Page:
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1 . American Samoa     American Samoa
The status of coral reefs in American Samoa is mixed. There are notable improvements, but other serious problems persist. Generally, corals are in good condition, having recovered from massive cyclone damage in 1991. More recent but moderate damage occurred during Hurricane Heta in 2004, but given the observed resilience of corals in the Territory and the generally low level of anthropogenic stressors (e.g., low recreational use), regrowth is expected over the next several years. Another noteworthy improvement is the removal of 10 shipwrecks off local reefs. There has also been a marked improvement in water quality in Pago Pago Harbor.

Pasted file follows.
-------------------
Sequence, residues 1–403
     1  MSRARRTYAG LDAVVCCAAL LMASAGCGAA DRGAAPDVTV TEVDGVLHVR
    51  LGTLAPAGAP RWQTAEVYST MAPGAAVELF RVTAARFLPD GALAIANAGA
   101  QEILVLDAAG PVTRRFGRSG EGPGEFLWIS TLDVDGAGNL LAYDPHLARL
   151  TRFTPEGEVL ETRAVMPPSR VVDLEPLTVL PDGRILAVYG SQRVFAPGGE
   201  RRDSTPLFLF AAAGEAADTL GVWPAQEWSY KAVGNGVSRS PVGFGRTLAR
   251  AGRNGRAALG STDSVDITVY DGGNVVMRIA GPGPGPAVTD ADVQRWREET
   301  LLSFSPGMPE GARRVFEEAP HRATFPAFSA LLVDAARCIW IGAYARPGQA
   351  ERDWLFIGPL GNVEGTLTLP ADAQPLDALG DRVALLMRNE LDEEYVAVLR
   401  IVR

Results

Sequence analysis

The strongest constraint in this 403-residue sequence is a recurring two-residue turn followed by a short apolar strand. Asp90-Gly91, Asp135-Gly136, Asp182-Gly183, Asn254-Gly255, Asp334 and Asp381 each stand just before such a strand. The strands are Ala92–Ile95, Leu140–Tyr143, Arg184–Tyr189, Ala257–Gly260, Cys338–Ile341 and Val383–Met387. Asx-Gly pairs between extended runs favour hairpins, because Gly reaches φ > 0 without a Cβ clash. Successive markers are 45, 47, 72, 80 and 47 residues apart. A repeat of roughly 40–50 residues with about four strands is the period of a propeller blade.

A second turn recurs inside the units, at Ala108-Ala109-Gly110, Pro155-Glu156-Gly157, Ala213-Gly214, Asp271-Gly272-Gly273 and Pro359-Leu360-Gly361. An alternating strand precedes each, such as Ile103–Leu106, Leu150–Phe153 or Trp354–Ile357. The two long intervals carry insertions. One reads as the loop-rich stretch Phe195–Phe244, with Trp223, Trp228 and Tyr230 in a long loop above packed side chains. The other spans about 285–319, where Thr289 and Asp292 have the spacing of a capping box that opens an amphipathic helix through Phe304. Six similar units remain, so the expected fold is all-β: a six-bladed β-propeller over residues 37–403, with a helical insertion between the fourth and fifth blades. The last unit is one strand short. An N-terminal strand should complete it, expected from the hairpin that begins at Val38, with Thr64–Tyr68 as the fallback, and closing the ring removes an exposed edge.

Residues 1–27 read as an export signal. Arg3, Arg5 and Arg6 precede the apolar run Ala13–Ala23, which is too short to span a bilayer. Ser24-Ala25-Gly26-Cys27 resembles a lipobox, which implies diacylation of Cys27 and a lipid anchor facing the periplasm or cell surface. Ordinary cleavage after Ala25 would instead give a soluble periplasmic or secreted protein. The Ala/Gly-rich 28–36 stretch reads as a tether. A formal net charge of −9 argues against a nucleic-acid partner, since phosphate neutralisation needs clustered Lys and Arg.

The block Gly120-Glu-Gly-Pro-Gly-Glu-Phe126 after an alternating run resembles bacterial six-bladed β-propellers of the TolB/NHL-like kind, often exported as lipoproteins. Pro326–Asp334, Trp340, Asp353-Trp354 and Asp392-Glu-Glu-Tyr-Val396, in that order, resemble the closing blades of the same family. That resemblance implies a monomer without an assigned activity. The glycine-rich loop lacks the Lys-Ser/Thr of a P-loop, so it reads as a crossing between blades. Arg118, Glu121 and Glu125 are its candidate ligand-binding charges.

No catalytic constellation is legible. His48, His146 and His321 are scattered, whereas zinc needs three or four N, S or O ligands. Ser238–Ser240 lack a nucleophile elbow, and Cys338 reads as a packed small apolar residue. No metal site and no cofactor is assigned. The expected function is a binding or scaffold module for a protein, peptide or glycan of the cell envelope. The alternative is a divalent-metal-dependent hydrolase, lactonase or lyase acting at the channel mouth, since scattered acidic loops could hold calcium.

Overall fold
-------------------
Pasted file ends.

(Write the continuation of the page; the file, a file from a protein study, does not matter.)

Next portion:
Local reefs, however, have been seriously overfished and few large fish remain. Genuine consideration needs to be given to reducing overall catches and developing effective MPAs that provide long-term protection to harvested species. Despite the resiliency of corals mentioned above, scientists are observing increases in coral bleaching and mortality, as well as areas heavily impacted by coral diseases, which have historically been rare.
Source: Craig, P., G. DiDonato, D. Fenner, and C. Hawkins , 2005 , The State of Coral Reef Ecosystems of American Samoa. . p.312-337 in Waddell, J. (ed.), 2005. The State of Coral Reef Ecosystems of the United States and Pacific Freely Associated States: 2005. NOAA Technical Memorandum NOS NCCOS 11. NOAA/NCCOS Center for Coastal Monitoring and Assessment’s Biogeography Team. Silver Spring, MD. 522 pp. (See Document)

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